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Elephant Rumblings: MLB will clamp down on pitchers doctoring baseballs in 2021

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Atlanta Braves v Philadelphia Phillies
Pine tar: Now only for bats!
Photo by Rich Schultz/Getty Images

Good morning, Athletics Nation!

Cheating has been a hot topic in baseball for the entire 21st century, from the Steroid Era to the Houston Astros stealing signs. Now MLB will crack down on another form: pitchers doctoring baseballs.

The league informed teams that it will analyze Statcast spin rates in an attempt to identify pitchers suspected of using foreign substances on baseballs, reports Joel Sherman of the NY Post. Plans also call for thorough monitoring of “dugouts, clubhouses, tunnels, batting cages and bullpens” by compliance officers, and random lab tests of game-used balls to check for illegal substances, adds Jeff Passan of ESPN. It’s not yet clear what penalties might result.

The use of pine tar, among other things, is a well-known and long-standing practice by pitchers to help them grip the ball better. The rulebook strictly prohibits it, but everyone mostly looks the other way and lets it go. Per Sherman:

But for years a gentlemen’s agreement existed not to challenge a pitcher, namely because so many were doing it that to challenge an opponent was to risk having your pitchers challenged as well. Also, even hitters were generally in favor of pitchers using something sticky, especially with slick balls in cold weather, to better control them and avoid those hitters being hit by pitches.

Cy Young winner Trevor Bauer has spoken out about the issue on multiple occasions, estimating that 70% of MLB pitchers do it, and pointing out the Astros in particular as a team that had figured out how to weaponize it at a systemic level.

Eno Sarris of The Athletic wonders if the answer might be to just legalize it, and have the league develop an approved sticky substance that everyone can use freely and equally — after all, if everyone prefers doing it then why not just let them, and level the playing field? Bauer agrees that there’s no possible way to fully and equitably enforce the current ban, and that the prohibition only opens an avenue for some teams/individuals to exploit for an unfair advantage.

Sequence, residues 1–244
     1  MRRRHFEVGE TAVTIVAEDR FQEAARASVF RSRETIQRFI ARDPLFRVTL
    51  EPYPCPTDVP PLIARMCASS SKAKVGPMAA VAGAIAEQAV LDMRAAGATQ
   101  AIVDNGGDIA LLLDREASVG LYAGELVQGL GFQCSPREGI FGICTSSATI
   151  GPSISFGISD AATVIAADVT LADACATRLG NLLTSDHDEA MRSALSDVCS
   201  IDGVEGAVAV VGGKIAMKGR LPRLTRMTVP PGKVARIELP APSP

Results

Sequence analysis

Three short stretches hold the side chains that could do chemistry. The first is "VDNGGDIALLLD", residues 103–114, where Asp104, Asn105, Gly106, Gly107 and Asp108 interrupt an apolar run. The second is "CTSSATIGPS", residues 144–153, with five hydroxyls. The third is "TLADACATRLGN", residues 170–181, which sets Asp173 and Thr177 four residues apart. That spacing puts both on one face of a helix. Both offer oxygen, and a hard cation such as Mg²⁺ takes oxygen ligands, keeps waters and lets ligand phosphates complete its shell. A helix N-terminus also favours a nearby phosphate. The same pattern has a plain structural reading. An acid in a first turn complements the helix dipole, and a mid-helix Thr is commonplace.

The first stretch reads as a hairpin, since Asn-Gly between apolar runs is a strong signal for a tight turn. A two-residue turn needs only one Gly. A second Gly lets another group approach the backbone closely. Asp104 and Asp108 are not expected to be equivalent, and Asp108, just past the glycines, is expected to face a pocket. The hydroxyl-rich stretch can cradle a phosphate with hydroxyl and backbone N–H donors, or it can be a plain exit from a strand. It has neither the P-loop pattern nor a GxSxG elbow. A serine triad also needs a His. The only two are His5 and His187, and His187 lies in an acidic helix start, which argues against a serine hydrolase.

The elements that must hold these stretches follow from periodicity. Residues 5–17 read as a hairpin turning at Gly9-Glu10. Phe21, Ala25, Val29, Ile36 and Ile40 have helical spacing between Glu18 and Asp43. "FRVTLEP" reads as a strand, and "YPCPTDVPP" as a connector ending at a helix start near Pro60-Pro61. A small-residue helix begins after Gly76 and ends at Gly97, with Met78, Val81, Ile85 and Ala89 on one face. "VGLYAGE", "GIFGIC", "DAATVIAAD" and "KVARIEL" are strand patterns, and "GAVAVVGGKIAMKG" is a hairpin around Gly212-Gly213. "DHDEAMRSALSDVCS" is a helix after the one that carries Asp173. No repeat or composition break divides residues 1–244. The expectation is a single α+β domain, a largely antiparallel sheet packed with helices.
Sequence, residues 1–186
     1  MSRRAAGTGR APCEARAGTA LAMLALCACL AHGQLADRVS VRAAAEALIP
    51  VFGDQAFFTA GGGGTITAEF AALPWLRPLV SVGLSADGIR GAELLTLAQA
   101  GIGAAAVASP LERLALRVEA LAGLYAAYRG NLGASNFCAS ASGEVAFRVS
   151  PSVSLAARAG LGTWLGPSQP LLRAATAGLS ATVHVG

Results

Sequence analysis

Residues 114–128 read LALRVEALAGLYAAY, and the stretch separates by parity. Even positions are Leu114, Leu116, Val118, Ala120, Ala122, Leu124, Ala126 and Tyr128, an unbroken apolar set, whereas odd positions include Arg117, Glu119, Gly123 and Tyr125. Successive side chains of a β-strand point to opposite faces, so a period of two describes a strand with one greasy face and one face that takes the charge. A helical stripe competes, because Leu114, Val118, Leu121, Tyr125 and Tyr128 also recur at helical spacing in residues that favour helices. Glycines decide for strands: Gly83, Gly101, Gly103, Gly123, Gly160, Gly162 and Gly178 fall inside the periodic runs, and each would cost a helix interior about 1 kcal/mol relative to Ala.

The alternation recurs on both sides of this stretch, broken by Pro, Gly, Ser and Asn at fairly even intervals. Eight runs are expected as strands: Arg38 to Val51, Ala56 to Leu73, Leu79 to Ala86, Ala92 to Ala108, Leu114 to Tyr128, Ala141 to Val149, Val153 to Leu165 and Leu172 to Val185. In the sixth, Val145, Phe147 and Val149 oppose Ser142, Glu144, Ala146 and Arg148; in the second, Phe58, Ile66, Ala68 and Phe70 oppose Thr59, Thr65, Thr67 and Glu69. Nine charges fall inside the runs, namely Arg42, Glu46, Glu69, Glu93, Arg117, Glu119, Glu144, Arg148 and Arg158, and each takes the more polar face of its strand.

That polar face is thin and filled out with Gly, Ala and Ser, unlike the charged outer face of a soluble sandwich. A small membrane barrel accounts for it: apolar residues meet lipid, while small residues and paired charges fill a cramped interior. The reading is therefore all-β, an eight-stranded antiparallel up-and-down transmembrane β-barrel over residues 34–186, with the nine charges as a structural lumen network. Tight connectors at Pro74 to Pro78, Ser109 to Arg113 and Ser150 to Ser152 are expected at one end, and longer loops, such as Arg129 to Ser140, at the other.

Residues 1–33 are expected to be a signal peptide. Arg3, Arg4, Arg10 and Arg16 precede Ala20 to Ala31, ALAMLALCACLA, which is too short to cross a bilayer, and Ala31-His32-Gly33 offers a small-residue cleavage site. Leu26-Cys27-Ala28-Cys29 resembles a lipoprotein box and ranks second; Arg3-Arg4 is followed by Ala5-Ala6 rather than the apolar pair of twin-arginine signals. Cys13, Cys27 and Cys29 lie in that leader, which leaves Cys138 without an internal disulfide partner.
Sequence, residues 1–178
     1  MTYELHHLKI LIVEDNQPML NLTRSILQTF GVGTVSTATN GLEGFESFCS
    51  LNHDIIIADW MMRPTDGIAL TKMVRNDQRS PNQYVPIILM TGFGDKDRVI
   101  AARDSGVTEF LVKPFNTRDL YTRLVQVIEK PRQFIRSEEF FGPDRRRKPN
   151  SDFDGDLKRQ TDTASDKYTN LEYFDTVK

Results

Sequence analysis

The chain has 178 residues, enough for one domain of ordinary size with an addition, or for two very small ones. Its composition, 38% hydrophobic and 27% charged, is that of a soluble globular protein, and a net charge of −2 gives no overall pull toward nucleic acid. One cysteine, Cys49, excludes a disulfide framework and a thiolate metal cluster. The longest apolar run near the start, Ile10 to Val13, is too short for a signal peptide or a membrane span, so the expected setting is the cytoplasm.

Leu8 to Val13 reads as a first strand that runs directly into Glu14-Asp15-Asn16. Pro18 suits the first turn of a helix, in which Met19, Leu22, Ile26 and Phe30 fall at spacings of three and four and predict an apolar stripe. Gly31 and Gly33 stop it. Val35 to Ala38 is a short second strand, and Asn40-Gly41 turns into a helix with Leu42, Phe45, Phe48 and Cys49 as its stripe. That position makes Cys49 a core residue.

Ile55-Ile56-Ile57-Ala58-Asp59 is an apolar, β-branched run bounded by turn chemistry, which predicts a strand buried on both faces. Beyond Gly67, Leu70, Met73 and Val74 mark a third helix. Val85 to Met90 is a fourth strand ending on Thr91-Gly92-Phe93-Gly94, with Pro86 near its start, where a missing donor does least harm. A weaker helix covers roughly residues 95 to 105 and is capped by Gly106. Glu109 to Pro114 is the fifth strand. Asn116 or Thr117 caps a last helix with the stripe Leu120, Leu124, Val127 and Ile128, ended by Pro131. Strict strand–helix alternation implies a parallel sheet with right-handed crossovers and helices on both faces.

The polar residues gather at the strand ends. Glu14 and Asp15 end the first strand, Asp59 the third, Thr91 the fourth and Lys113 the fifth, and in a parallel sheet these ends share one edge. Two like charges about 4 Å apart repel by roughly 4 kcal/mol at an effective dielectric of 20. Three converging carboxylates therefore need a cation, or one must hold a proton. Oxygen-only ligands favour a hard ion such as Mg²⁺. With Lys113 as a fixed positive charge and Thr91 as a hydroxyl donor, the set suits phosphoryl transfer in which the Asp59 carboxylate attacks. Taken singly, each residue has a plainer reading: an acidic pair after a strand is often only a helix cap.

But the league is instead choosing to lean into the existing rule, by significantly upping its enforcement in 2021. The increased velocity and spin rates that come with doctored balls is likely a factor in the recent Three True Outcomes revolution of strikeouts, walks, and homers, so this path clearly aligns with MLB’s stated goal of stemming that trend and manufacturing more batted-ball action.

Steve Adams of MLB Trade Rumors is skeptical about whether spin rates will be an effective tool in this investigation, given that there is no control-group baseline to compare against since pine tar predates Statcast. He does concede that it could help prevent pitchers from newly adopting the practice moving forward, and that examining the baseballs themselves could catch offenders.

Hot take: In general I’d probably agree with Sarris, that the best answer is to legalize it and regulate it. But if the league wants to decrease 3TO culture, then I’d rather they do it this way than by messing with the actual rules of the game. I’ll take no pine tar if it means we don’t need to have an automatic runner on second base in extra innings, or whatever other madness Rob Manfred might cook up next.

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